are still difficult due to the fact that the slipways are not yet covered by
water, and the water's edge is still some distance from the normal shoreline

The surface area of the Lake has increased from 30% to about about 50%, and
the Mkhuze River, which has not flowed in some five years, has inundated the
parched Mkhuze Swamp and is running into the northern part of the Lake.
During the drought the Lake had split into several seperate water bodies as
the level dropped, but with the recent rains and good inflow from the Mkhuze
River, these have all joined up once more to create one large stretch of
The ban on taking kabeljou (kob, salmon) remains in place and will be
enforced, although several other species of fish are being taken by anglers.
Anglers who inadvertantly hook a kabeljou are requested immediately to
release the fish unharmed.
Should the fish have swallowed the hook, the line is to be cut as close to
the fish's mouth as possible and the fish released.
Anglers and other visitors wishing to use the day-visitor facilities at
Charter's Creek are advised to contact the Reception Office on 035 550 9002
to confirm conditions at the Lake.
Ends ...
AJG/ Media Release No: 2007 - 01

Fishing Report For February

Valentines falls on a Wednesday this year. It just happens to be the best
fishing days for February. Starting with three days before spring tide, you
guest it, 14 Feb, until two days after spring 18 Feb.

The bad news is that the mouth will still be closed, but Grunter and Salmon
are caught in the ocean side of the old mouth entrance. The best fishing
times will be about three hours before high tide until an hour after high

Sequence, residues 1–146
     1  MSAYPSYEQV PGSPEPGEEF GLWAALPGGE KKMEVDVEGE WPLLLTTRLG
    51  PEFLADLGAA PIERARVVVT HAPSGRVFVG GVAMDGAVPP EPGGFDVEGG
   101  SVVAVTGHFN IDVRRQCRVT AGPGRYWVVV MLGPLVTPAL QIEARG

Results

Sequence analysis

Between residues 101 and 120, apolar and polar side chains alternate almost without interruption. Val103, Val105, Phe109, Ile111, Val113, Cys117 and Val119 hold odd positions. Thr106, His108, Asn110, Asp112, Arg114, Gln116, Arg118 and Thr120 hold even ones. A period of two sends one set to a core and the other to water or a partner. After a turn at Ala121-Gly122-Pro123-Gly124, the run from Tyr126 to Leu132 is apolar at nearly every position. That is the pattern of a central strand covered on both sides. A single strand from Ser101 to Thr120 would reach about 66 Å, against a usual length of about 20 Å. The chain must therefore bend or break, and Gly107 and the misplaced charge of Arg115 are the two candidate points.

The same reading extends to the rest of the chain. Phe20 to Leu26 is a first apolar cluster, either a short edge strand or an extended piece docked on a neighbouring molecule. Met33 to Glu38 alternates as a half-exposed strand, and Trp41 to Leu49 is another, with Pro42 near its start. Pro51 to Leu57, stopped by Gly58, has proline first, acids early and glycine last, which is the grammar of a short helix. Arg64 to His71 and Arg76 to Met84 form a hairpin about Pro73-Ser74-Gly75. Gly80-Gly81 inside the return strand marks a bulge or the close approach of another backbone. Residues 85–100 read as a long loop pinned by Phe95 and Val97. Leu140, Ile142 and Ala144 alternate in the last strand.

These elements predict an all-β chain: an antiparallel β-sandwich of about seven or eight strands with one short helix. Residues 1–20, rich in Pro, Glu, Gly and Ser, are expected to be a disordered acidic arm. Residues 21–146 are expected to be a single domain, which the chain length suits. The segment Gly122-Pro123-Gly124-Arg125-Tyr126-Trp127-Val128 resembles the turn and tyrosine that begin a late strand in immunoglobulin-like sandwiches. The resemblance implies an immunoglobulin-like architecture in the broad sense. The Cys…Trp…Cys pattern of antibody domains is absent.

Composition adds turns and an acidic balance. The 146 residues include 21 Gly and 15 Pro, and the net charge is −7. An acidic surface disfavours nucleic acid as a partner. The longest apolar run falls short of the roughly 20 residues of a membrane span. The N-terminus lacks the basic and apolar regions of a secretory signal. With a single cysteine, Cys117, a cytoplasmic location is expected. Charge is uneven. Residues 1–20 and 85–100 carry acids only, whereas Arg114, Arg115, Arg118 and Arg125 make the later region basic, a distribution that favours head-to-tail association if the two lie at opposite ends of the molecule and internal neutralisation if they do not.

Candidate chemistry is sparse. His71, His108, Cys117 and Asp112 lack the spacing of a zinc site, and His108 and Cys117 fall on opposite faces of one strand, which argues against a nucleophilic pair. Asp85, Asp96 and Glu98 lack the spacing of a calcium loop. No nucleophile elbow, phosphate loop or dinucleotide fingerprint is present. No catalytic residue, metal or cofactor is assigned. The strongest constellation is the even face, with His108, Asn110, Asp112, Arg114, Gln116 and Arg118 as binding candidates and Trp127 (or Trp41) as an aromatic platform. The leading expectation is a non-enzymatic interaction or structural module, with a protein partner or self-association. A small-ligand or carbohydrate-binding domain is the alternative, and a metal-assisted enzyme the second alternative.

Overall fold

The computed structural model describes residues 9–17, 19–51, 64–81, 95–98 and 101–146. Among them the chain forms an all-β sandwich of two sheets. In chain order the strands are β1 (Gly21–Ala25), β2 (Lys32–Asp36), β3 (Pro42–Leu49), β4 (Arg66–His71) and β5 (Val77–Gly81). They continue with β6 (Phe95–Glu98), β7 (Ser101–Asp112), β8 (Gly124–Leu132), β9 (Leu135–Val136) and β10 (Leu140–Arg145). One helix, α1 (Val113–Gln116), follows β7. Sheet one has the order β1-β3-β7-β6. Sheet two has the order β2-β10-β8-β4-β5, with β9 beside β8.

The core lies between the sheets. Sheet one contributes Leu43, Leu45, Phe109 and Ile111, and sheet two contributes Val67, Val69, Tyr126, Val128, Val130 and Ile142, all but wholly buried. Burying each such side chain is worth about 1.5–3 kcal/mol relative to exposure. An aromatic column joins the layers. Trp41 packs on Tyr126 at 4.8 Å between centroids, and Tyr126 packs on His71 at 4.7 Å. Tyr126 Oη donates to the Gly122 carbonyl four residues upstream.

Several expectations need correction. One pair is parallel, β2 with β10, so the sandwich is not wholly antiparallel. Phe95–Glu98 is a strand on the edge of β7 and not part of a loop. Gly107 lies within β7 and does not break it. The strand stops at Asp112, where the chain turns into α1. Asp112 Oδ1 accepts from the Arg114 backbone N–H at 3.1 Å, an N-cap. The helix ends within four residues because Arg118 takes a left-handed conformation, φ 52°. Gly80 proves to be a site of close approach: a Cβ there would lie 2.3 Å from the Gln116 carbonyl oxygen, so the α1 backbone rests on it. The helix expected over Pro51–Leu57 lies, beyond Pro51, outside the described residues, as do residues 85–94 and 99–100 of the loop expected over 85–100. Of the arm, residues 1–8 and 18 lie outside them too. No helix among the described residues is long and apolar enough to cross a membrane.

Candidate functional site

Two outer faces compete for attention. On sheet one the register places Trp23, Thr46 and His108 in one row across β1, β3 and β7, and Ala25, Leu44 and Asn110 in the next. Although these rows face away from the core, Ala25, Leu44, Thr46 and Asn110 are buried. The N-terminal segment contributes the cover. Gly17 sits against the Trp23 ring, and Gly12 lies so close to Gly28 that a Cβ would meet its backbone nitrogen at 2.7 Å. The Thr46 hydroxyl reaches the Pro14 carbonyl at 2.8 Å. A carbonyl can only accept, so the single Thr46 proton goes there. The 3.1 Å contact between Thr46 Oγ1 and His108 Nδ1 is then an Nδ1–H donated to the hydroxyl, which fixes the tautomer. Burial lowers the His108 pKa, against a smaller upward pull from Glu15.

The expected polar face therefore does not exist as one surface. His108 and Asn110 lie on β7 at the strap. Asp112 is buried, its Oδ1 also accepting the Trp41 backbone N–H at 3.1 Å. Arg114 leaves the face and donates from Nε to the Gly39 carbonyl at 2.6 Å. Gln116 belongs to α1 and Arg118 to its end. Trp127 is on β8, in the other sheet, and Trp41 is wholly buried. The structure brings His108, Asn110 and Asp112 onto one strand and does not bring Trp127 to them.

tide. Salmon are caught in the magic hour before sunset and Grunter will be
prevalent from about 3 o’ clock in the morning until sunrise.

Best bait for Salmon is Wave Garick on a sliding trace and Grunter will
prefer prawn or sea lice. Grunter also takes pencil bait or even thin
sardine resembling pencil bait. Fishing licenses are obtainable from KZN
Wildlife and General bait license are needed to take sea lice or mole crabs.

Do not fear the increase in sizes of the ghost crabs, they haven’t grown
gigantic yet. Their numbers are on the increase since the beach ban of 2001,
but this could also be due to the long drought that this area experienced.
The iMfolozi River did not deposit much of its toxic waste over the past
five years. We will sea what the impact will be after the good rains we had
in December.

Crime is a problem at the moment and we advice anglers to fish in groups and not to leave their vehicles an attended at the parking areas. Rather travel light and let some one drop you of and pick you up again. We hope to get a handle on these elements soonest.

Monday, January 29, 2007

December Feedback

<b>December 2006</b>
What a season. Whe had rain. Lots of. Not enough to breach the estuary into the ocean, but enough to break the drought a little. Currently Grunter and Salmon are caught Petrus Viviers 0835847473 www.forafrica.co.za